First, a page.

Saturday, August 29, 2009

Leveraging - should you borrow to invest?

From my CBC radio national column, August 27, 2009:

Between the plunge in the stock market and a drop in home prices many Canadians saw their nest eggs shrivel over the past year. Now with talk that the recession may soon be over, some are so keen to make up lost ground, they're taking out loans to throw money into investments, a strategy that concerns me.

How much is this trend is catching on?

The conditions right now - interest rates are low and stock and real estate markets that have been considered low and on the upswing, creating a breeding ground for the return of leverage. Some can’t resist the lure of easy quick money.

Plus as they contemplate the end of their working lives, people in the baby boom generation are keen to maximize their retirement income

Their thinking is that their return will be greater than the interest on their loan. In addition, if they invest in an investment that produces possible income or a capital gain, the interest on the loan is tax deductible.

A lot of the evidence about the number of people doing this is anecdotal right now. In a recent story on is a website for those working in the investment industry--that referred to financial advisers having to discourage some clients from borrowing to invest.

I did manage however to dig up some numbers that might be indicative of a trend. In June of this year, the Investment Industry Regulatory Organization reports that Canadians had approx $10.5 billion in margin accounts. Just so you know - a margin account applies specifically to money that’s borrowed from a broker to purchase stock. That’s up nearly 15% from the low in December of 2008.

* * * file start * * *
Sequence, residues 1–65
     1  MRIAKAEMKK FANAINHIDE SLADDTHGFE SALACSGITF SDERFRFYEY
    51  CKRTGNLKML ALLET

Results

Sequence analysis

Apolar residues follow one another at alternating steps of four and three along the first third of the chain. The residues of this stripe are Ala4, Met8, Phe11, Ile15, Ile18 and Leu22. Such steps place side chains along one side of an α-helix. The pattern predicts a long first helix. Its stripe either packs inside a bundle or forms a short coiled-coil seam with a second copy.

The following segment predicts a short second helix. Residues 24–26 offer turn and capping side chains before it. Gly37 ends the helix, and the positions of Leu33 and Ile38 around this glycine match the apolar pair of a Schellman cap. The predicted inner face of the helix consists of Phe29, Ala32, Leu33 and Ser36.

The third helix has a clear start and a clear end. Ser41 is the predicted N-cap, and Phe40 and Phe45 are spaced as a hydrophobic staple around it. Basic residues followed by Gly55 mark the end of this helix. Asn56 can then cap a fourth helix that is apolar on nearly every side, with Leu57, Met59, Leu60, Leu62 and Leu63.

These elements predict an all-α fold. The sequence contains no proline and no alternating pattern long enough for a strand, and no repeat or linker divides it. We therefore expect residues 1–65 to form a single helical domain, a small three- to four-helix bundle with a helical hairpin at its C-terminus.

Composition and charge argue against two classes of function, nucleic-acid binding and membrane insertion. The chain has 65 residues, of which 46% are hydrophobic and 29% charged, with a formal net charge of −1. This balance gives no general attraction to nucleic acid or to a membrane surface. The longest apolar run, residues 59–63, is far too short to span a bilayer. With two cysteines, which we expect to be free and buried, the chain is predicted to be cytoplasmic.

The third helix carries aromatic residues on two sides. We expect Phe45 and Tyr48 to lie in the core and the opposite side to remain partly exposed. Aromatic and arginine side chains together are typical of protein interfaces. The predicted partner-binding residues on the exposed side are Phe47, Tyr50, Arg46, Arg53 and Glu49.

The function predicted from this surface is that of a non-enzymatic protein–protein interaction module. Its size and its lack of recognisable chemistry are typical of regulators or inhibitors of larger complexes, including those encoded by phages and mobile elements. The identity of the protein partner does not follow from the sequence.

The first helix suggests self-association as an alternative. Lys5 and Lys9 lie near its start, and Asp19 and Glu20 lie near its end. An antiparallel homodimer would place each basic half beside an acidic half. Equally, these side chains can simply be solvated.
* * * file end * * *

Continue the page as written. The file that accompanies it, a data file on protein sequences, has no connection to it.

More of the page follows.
Should people borrow to invest?

There was a recent that was written about on another website - investopedia - that compared buying on margin to borrowing money to gambling at a casino. And that pretty much sums up my reaction.

Borrowing to invest in anything magnifies your risk plus remember, if your investments drop, you’re still on the hook for the loan payments or even a dreaded margin call when you may have to come up with big bucks to keep the strategy going

So remember that there’s a fine line between investing and gambling, and in my view, buying on leverage kicks you into gambling territory, where the chances of big gains are offset by big losses.

Buying on margin is not for someone who has a low tolerance for risk, someone who needs their money soon, or someone just fed up with low interest rate GICs. It's a very speculative and risky adventure that might work for some, but the percentage of those who should consider leveraging is very, very small

Now, some people will borrow to top up their RRSP. This can be a good strategy, because you get a tax refund that you can use to help pay off your debt quickly, and that can help your retirement savings grow. Because RRSP loans tend to be small and short-term, most experts would categorize them as leveraging.